Or: We are all of us in the shadow of the dicktree – by Kelly Kanayama/Maid of Nails

“Imagine out of all the gigs in town, right? You’re thinking — how hard can it be to stare up at the stars every night for a living?”

Those are the opening lines of Nameless, the most unsettling comic I’ve ever read (including a bit of Crossed, which didn’t unsettle so much as rub garbage all over your soul).

With the introduction of an astronomer who murders his family and scrawls mysterious words on the wall in their blood, we soon find out exactly how hard it can be to stare up at the stars every night. The stars, where J’onn J’onzz made his home, where the guardians of Oa hold court, from which Superman crashed into our world to help us believe a man can fly. Staring up at the stars is an act of hope, and in Nameless, for the most part, there is none.

You think, for instance, that people are dismembering each other with their bare hands, faces smeared with blood and human filth.

The doctors explain it was only a dream; it was all in your head.

What happened outside your head — when you were outside your head — is much worse.


Unlike Morrison’s other recent comics, which tend to pick a driving set of mythological images and stick with them, Nameless draws on the Kabbalah/anti-Kabbalah, Gnosticism, Mayan epic and myths of the underworld, and — a real surprise, because this almost never shows up in Western comics — Pacific Islander myth to create a cosmological tangle to entrap its characters; you can slip the confines of one mythical structure just to fall headlong into another that will hurt you even more.

Much of this is outlined by Morrison in the hardcover, which came out at the end of March. Even if you read the series in single issues, I recommend getting hold of the hardcover because:

  • It kind of explains what in the shit was going on plotwise and what some of the references are, from the man himself.
  • You get a look into Fairbairn’s coloring process and Hughes’ logo design.
  • You also get to see some of Burnham’s original art.
  • Ballin’-ass variant covers.
  • The greatest artist photo ever. No spoilers. You just have to buy the book.

Speaking of human filth (just a few paragraphs ago, but I don’t want to make readers scroll back up to that picture), this comic feels a bit like Morrison revisiting some of the concepts in The Filth as an older man. I can’t imagine a younger person writing a series as bleak as Nameless; maybe it’s a growing-sense-of-mortality thing, or the sense of youthful optimism dying and being unable to get it back.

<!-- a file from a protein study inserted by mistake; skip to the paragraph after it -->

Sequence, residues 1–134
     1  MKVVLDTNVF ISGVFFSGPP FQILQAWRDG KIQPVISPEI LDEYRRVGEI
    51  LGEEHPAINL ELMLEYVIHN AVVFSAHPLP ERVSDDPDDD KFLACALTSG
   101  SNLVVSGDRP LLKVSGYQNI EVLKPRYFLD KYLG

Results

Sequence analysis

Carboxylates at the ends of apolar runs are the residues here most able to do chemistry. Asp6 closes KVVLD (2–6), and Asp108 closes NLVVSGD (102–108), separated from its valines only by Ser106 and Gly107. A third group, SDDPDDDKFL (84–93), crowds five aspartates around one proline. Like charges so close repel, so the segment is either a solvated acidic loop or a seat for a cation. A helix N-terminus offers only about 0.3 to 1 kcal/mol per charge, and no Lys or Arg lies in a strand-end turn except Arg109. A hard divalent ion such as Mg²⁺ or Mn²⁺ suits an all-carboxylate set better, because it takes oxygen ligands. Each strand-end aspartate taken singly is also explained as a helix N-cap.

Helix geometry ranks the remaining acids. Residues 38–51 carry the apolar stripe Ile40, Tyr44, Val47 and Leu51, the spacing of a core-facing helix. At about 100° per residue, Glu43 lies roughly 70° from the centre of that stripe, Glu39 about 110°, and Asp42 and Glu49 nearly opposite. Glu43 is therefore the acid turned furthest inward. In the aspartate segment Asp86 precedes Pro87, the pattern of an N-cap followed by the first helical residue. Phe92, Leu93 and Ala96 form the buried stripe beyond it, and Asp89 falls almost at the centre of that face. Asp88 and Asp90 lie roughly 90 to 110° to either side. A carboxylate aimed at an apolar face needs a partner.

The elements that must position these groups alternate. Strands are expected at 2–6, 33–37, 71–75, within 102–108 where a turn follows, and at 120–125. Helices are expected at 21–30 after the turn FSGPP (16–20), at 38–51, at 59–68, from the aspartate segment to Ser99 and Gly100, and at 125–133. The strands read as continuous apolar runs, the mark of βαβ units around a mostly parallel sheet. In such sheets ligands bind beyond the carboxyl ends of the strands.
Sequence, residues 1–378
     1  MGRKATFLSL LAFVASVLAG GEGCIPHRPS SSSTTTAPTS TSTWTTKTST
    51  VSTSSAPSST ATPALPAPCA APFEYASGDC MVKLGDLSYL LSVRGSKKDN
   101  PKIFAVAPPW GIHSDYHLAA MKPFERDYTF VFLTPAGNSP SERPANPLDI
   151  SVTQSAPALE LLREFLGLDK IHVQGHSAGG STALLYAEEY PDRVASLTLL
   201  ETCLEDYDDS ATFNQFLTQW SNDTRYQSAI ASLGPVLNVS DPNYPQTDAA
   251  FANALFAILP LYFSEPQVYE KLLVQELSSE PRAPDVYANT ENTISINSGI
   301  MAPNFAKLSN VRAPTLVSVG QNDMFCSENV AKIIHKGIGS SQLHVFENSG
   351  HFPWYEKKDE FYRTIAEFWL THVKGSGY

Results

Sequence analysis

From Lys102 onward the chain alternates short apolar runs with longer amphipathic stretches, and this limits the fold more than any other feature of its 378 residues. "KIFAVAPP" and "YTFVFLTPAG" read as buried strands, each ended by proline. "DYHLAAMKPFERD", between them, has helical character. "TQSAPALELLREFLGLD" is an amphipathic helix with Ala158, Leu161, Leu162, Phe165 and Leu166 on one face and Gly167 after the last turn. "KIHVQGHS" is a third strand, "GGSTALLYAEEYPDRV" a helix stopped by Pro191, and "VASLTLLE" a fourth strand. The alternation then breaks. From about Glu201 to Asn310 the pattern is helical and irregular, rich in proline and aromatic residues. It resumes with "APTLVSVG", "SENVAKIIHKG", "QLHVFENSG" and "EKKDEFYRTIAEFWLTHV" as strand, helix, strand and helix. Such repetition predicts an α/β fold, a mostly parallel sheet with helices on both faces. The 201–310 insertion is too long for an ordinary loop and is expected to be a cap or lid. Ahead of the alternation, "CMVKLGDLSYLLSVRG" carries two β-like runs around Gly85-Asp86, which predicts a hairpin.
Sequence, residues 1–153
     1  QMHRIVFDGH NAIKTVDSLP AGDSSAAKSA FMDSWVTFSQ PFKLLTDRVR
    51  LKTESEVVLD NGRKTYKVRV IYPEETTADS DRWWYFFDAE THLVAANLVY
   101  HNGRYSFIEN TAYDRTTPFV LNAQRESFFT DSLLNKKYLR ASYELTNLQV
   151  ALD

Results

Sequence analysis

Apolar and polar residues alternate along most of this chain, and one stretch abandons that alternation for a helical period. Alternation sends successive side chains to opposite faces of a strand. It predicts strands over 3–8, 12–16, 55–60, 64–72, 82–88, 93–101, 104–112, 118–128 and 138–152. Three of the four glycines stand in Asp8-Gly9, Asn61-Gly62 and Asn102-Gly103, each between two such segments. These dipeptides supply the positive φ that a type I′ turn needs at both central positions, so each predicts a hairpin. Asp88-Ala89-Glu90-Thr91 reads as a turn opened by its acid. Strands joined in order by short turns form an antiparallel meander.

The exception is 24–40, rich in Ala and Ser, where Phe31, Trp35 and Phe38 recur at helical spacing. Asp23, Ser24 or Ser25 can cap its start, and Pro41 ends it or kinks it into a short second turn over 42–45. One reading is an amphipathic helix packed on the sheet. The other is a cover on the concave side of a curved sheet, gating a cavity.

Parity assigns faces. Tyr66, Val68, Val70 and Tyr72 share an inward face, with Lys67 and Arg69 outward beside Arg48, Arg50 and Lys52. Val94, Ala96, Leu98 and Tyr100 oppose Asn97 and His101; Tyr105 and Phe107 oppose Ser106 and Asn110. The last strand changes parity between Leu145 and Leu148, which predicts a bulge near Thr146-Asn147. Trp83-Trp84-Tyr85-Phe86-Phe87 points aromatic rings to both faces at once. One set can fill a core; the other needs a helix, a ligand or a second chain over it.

We took the shit the world flung at us and, as per instructions, spread it on our flowers. So our flowers bloomed, at least for a while, but we forgot to stem the steady drip of poison leaking into the soil. Our gardens are barren now. We are becoming desperate, and when humans become desperate the harm they can do is almost unbelievable — almost, because it has happened, is happening, so we must believe it.

The series falls a bit flat for me when it gets into the Gnostic god, a higher being that exerts its omnipotence upon us is an entity of cosmic-scale malevolence. I.e. there is a god, and he hates you. Haven’t we seen this before in Preacher? (Is it a Celtic thing? A product of growing up in sectarian environments?)

Of course, with Morrison the focus is less on religious institutions and more on the perhaps inevitably ugly relationship between creator and creation, as seen in Animal Man etc. But where does that assumption of ugliness come from? When we are given powerless entities to play with — whether dolls, fictional characters, or, based on what I (as an only child) have heard, younger siblings — our cruelty takes on remarkably inventive dimensions.

Morrison’s notes suggest that such cruelty is the result of cosmic infiltration: whatever lurks out there is torturing us until we break apart to discover what makes us tick, and then we do the same to each other. While various characters are burnt and impaled and mutilated and what Burnham himself has described as “the dicktree” (NSFW. Not safe for anything. I have seen it once and can never forget it), white letters in black speech bubbles, a voice that is not, continually ask, “What is human?”

In one scene a naked man blistered with acid burns gurgles that humanity is its accomplishments, such as Beethoven’s symphonies. Beethoven, one of Europe’s greatest composers, robbed of the ability to hear his own music. What is human? Accomplishments — and needless suffering.

There is another reading of that terrible question which in true Nameless fashion points to something even worse. Maybe the tormentor god isn’t trying to find out “what is human”. Maybe it already knows and is trying to get us to admit it. What is human? It’s what our accomplishments hide: this desire to make others suffer; to, when presented with a choice between the path of light and the path of darkness, choose the darkness almost every damn(ed) time; to construct ever more elaborate justifications for the evil we perpetrate, trying unsuccessfully to displace it to the oblivion of the unknown universe while all the while it thrashes inside us, fucking, to paraphrase the comic itself, our private thoughts.

Human is viscera, which this comic has in abundance all over the carpet and walls, and the organ-laden branches of the dicktree.

Human is what snaps in you when you look up at the stars night after night and the hope you were waiting on never comes. Human is gravid with new evils, new creations to blame.

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